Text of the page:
Natural Prevention of Coccidiosis

As chickens age and are exposed to small amounts of the parasite, over time they develop a naturally immunity and will become asymptomatic when they come into contact with coccidia.  

However older hens with poor immune systems or who are stressed or otherwise unhealthy are also vulnerable.

Either way, a strong, healthy immune system is the best defense against coccidiosis, along with proper brooder/run/coop management.


Immune System Booster for Chicks

It's nearly impossible to shield chicks from coming in contact with the bacteria and in fact, exposure is exactly what they need. 

I try to get my baby chicks outside on grass as early as possible on nice, warm, sunny days to start letting them get exposed to all kinds of pathogens and bacteria in the environment.

In an article I read years ago in Mother Earth News magazine, it was recommended that you expose young chicks to manure from your adult birds because studies as far back as 1973 have shown that helps to transfer protection to the chicks.

Although I'm not sure I would go that far, I do believe that chicks hatched and brooded under a hen and raised outside in the coop with the rest of your flock clearly have a leg up as far as building resistance to all kinds of pathogens for this very reason.

And are mostly likely going to be healthier and have stronger immune systems than chicks raised indoors in a plastic tote.


More Ideas for Boosting the Immune System

Low-level exposure to the coccidia bacteria at regular intervals over the first few weeks of life allows chicks to build a natural resistance, so starting in the brooder, I started raising my chicks on a substrate of dirt instead of shavings. Not only is it far less dusty, the dirt mimics "outdoor living" for my baby chicks.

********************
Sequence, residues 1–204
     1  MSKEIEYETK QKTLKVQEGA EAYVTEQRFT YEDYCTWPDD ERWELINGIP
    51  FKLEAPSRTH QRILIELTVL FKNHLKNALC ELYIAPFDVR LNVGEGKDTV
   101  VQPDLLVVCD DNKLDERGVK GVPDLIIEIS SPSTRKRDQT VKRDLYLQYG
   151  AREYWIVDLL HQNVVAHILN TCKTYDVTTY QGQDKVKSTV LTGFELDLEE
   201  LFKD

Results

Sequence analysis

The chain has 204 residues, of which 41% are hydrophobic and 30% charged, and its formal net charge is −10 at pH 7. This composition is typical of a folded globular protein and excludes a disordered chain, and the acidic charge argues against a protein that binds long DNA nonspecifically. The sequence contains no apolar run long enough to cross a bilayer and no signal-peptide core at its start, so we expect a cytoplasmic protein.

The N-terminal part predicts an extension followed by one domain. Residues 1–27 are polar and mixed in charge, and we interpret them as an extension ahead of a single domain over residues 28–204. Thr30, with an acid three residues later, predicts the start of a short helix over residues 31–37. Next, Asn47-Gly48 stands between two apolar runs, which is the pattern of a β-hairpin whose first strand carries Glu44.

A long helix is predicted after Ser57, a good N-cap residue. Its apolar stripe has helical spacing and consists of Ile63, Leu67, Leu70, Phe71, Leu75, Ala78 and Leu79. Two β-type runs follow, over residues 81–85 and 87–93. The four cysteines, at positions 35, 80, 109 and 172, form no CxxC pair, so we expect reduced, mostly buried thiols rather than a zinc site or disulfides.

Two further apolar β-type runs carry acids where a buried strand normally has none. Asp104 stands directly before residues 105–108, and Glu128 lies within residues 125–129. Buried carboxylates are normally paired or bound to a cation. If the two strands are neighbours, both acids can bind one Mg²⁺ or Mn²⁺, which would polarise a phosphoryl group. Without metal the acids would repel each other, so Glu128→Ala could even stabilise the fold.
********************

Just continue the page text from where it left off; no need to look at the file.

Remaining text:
I also add some clumps of grass with the dirt attached to the brooder. This can help expose your chicks to small amounts of different pathogens that exist outside and help them start to build their natural immunity, as well as let them start learning to free range by nibbling grass and weeds. 

And don't be too quick to clean your brooder out. 

Do remove any wet or caked feed or litter daily and change the water as needed, but leave the rest of the bedding for several days to allow any coccidia and other pathogens to remain in small amounts for the chicks to come in contact with.

Feeders and waterers, however, should be kept clean and free of shavings, droppings or other debris and always filled with fresh, clean feed and water.


Natural Treatment for Chicks and Chickens

Probiotics help with digestive tract health and boost good bacteria levels to help combat the bad bacteria.

Various herbs and other natural substances have been studied and thought to help battle coccidiosis. These include: